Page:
The spirit of battle was upon him, and he longed to go forward to the fray, which proved to be the last, but not least, of his wonderful exploits.


General Burnside had been removed from command of the Federal army after the battle of Fredericksburg, and General Hooker, “Fighting Joe,” as he was called, was put in his place. His army now numbered about one hundred and fifty thousand men.

General Lee’s army, to the number of forty-five thousand men, lay entrenched upon the southern banks of the Rappahannock river. General Longstreet’s corps was now absent in Suffolk county, so Lee had not one-third as many men as Hooker.

Hooker’s plan was to divide his army into two parts. The smaller part was to cross the river near Fredericksburg and engage the Confederates in battle, while the larger part would march up the northern bank of the Rappahannock river, and, crossing over, reach the flank of Lee’s army, which would thus have the foe in front and also in the rear. At the same time Hooker planned to send a large troop of cavalry to reach and destroy the railroads leading to Richmond, thus cutting General Lee off from the capital.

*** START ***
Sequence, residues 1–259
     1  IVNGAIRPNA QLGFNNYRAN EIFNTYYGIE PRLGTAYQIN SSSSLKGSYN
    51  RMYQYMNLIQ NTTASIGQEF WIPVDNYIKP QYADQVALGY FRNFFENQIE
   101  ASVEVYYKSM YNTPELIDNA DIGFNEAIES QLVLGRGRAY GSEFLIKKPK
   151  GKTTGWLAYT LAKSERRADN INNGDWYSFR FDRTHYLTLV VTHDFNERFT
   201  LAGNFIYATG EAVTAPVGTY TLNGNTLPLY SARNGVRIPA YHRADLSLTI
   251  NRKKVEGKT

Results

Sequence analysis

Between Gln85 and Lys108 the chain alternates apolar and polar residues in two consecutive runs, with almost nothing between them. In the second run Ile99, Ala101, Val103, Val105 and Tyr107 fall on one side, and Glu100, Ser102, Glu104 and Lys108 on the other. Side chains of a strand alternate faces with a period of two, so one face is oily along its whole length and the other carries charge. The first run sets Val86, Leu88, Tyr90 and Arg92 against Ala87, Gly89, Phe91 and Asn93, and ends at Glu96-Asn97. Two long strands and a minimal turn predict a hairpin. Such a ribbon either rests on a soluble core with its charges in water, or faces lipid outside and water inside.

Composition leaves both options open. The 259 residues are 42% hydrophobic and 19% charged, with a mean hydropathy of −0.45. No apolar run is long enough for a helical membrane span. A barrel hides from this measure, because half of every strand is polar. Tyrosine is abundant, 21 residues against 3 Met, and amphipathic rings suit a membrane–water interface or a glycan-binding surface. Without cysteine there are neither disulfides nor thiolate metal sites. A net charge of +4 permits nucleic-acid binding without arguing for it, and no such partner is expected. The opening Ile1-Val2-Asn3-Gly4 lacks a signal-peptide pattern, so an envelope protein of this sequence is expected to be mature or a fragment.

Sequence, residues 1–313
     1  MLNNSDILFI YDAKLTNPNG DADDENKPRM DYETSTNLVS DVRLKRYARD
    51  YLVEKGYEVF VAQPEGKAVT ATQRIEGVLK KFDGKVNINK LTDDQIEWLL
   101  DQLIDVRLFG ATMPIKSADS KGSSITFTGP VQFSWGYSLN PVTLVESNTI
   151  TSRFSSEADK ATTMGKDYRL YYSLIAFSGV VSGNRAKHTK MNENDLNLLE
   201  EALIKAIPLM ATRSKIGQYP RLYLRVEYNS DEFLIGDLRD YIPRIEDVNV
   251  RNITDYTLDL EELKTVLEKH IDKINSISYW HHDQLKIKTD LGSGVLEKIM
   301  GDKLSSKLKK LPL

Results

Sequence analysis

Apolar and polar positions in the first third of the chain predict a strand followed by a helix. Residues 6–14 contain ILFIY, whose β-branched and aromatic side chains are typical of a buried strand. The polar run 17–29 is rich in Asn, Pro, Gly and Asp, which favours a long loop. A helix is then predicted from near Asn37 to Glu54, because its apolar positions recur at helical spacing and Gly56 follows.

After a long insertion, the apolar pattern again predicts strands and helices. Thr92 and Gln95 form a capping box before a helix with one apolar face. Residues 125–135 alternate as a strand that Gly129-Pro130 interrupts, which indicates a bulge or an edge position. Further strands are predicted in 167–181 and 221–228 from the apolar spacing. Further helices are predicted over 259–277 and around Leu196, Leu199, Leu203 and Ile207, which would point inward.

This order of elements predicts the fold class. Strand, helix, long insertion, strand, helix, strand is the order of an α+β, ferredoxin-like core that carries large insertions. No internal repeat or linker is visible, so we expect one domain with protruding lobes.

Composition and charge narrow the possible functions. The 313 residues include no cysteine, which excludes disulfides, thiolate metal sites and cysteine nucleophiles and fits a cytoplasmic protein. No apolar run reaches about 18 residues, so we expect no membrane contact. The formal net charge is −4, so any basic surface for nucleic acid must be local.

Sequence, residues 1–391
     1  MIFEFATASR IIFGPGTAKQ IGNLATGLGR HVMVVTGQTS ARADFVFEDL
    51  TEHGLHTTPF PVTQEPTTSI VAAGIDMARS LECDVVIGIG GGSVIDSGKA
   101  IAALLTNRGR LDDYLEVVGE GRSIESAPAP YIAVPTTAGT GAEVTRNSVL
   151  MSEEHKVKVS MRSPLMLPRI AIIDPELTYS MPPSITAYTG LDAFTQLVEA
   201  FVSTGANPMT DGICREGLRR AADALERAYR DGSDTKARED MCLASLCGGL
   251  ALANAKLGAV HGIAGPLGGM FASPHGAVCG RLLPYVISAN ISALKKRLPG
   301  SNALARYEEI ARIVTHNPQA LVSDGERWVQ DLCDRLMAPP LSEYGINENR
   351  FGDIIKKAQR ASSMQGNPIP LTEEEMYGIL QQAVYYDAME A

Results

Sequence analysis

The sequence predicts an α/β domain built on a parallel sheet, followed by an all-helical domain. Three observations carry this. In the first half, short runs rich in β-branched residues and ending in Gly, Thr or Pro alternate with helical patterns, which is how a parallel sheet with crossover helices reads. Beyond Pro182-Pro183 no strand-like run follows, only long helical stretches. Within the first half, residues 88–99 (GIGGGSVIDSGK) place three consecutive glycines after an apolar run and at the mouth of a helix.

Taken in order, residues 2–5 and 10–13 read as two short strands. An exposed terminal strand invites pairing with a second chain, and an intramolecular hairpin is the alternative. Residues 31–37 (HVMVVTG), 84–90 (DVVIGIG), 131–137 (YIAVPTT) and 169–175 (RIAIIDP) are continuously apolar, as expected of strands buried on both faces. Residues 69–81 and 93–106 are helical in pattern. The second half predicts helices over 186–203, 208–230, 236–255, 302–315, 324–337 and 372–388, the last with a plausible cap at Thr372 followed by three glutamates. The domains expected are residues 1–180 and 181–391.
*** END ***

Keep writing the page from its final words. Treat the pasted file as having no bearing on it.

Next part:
This was a bold plan, but one that was easily guessed by such soldiers as Lee, Jackson, and Stuart. The last named kept watch, and as soon as a movement was made, reported it to Lee. Lee at once fell back to Chancellorsville, but not until the main army under General Hooker himself had reached “The Wilderness” beyond Chancellorsville, and thrown up strong earthworks. The left wing of Hooker’s army, under General Sedgwick, crossed the river below Fredericksburg on the 29th of April, and was at once met by Jackson, who was ever watchful. Sedgwick, however, did not intend to fight, but merely to keep General Lee at Fredericksburg while Hooker was gaining the point on Lee’s flank. General Lee promptly guessed the plan, and ordered General Jackson to leave only one division in front of Sedgwick, to proceed at once in search of Hooker, and to attack and repulse him. This order reached Jackson about eight P. M., and by midnight his troops were on the march. Early the next day they reached the battle-field, where the troops of General Anderson were already engaged with the enemy.